Look what I found!” Kenneth yelled as he tugged strenuously at a piece of rusty iron stuck fast in the mud. Harold hurried to his brother’s side.
“Why, it’s an old shotgun barrel!” he exclaimed. “Maybe it was dropped here by a buffalo hunter a long time ago! Let’s wash it out and see what it looks like.”
The two boys ran down the river. After a good scrubbing, the old gun barrel looked almost good enough to use. “It’s one of those really old-fashioned ones,” explained Floyd, a neighbor friend of Harold and Kenneth. “It’s made like a cannon. First you pour some gun powder down the barrel here. Then I think you’re supposed to put a wad of something in next. After that you put in the bullets and pack it all down tight with another wad.”
“How do you fire it?” Harold asked.
“Well,” Floyd said, pointing to the touchhole at the butt end of the barrel, “this is where you put a fuse or some more gunpowder, and when you light it, the gun goes off!”
Suddenly the boys stopped talking. Harold guessed what was on his brother’s mind. “Now, Kenneth,” he said, “you know what father said about playing with gunpowder.”
“I know,” Kenneth replied, “but you must admit it would be fun to make a real, honest-to-goodness cannon! Besides, father has been away preaching for weeks now. He’ll never know if we don’t tell him when he gets back.”
“My dad has some blasting powder in his shed,” Floyd volunteered. “I could sneak some out when he’s in the field clearing land.”
The idea of making their own cannon seemed so exciting, all else was forgotten. Floyd ran home and brought back some blasting pellets. In the meantime Harold and Kenneth fastened the gun barrel securely to a small log.
“Let’s aim it at that flock of pigeons on the barn,” one of the boys suggested, and the little cannon was carefully placed in position. Floyd poured about a teaspoonful of powder down the muzzle, then stuffed a wad of paper in after it. Next the boys poured in a bunch of pebbles and nails for bullets, and packed everything in tight with another wad of paper.
At last the big moment had arrived. Floyd began to make the fuse, but just at that moment Kenneth looked up and saw a familiar figure coming down the road. “Hurry up, here comes father,” he said anxiously. “If we don’t light it now, we’ll never get to.”
Harold grabbed a pinch of powder and quickly put some in the touchhole. “Stand back!” he called, and touched a match to the cannon.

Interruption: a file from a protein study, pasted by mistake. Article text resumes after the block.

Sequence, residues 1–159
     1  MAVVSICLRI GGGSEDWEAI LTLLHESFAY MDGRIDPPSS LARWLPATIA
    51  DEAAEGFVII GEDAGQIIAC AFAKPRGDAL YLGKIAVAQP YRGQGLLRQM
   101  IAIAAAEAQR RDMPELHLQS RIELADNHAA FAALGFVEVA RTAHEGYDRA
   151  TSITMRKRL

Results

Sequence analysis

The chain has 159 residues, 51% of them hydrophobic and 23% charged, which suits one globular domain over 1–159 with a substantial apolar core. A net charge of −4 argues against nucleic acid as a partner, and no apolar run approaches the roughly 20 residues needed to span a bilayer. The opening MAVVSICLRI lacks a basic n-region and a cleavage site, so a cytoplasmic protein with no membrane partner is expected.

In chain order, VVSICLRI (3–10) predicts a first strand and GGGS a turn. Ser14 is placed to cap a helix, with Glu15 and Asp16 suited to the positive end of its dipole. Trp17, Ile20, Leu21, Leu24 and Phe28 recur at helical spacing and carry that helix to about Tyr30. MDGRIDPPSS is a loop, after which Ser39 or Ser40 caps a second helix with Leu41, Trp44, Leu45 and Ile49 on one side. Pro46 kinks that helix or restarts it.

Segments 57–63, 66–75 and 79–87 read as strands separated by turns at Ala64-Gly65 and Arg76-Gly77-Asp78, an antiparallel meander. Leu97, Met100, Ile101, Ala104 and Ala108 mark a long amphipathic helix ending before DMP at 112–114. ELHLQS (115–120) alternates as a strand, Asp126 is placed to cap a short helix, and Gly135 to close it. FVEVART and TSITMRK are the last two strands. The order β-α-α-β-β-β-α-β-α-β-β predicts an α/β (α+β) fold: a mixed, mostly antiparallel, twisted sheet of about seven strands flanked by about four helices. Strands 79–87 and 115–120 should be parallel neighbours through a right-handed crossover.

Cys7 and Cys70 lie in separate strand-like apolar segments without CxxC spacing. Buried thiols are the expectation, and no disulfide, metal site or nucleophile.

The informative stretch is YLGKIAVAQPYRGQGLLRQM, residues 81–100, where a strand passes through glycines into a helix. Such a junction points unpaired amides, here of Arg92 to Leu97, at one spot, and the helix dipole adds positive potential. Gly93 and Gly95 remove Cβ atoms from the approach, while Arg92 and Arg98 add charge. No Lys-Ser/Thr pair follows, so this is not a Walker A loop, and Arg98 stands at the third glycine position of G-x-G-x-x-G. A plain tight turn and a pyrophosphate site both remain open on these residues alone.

Baa voom! There was a shattering blast, and everything went black for Harold. When he finally came to his senses, he still couldn’t see. Someone had carried him into the house, and father was talking. “Thank the Lord he’s still alive. It’s a miracle that gun barrel didn’t split wide open and take his life.”
When Harold was rushed to the doctor, he could see only a glimmer of light through one eye. The doctor laid him on a table and, with a pair of tweezers, painstakingly picked out each tiny particle of blasting powder lodged in Harold’s eyes. It took hours to remove them, but finally the task was finished, and the bandages were firmly in place. “You’re a lucky boy,” the doctor said. “If you had been any nearer, you would never see again.”
Harold paid heavily for his disobedience. One eye went completely blind, and through the other he could see only partially without the aid of glasses. Young Harold grew up to be Pastor H. M. S. Richards, the first director and speaker of the Voice of Prophecy radio broadcast. He survived an exploding cannon only to be set on fire for sharing the good news of Jesus.
This story originally appeared in the October 2, 1963 issue of Guide.
Did you know that H.M.S. Richards believed in creating stories that would lead families to Jesus? Listen to the program that the ministry he founded, the Voice of Prophecy, airs today. DiscoveryMountain.com
Did you know that the Bible school that started with H.M.S. Richards and the ministry he started all those years ago is still running today? You can study the Bible online free with the Voice of Prophecy at BibleStudies.com, including lessons created just for readers your age.